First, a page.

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Jean Côté, John Saimela, Pierre Trudel, Abderrahim Baria, and Storm Russell

An expert system approach (Buchanan et al., 1983) was used to identify and conceptualize the knowledge of 17 Canadian expert high-performance gymnastic coaches. The knowledge elicitation process consisted of open-ended questions and various questioning methods to unveil, explore, and prove important information (Patton, 1987; Spradley, 1979) about coaching. All coaches’ interviews were transcribed verbatim, and the unstructured qualitative data were inductively analyzed following the procedures and techniques of grounded theory (Strauss & Corbin, 1990). The inductive analysis process allowed the meaning units of the interview transcripts to be regrouped into properties, categories, and components. The components emerging from the analysis consisted of (a) competition, (b) training, (c) organization, (d) coach’s personal characteristics, (e) gymnast’s personal characteristics and level of development, and (f) contextual factors. These components were further developed into a model representing coaches’ knowledge.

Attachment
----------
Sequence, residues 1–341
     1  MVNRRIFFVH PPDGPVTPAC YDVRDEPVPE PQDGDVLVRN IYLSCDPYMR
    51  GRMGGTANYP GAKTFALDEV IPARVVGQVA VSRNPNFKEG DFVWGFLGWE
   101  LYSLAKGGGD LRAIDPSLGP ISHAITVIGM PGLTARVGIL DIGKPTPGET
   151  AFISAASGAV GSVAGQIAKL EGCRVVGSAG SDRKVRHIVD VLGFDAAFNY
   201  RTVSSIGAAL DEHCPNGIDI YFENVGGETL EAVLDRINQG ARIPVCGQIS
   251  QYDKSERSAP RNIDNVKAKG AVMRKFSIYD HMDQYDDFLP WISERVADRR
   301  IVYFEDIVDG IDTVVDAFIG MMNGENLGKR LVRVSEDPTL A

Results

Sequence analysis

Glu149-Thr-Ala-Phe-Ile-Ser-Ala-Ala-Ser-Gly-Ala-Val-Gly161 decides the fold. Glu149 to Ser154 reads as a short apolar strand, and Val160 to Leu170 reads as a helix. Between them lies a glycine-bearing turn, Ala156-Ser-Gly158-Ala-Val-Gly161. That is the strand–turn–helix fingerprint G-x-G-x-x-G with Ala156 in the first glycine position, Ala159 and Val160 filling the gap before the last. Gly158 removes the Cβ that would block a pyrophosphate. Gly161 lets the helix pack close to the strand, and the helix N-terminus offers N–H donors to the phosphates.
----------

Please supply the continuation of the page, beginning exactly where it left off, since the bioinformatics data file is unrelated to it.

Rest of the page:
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Jean Côté, John H. Salmela, Abderrahim Baria, and Storm J. Russell

In the last several years there has been an increase in the amount of qualitative research using in-depth interviews and comprehensive content analyses in sport psychology. However, no explicit method has been provided to deal with the large amount of unstructured data. This article provides common guidelines for organizing and interpreting unstructured data. Two main operations are suggested and discussed: first, coding meaningful text segments, or creating tags, and second, regrouping similar text segments, or creating categories. Furthermore, software programs for the microcomputer are presented as a way to facilitate the organization and interpretation of qualitative data.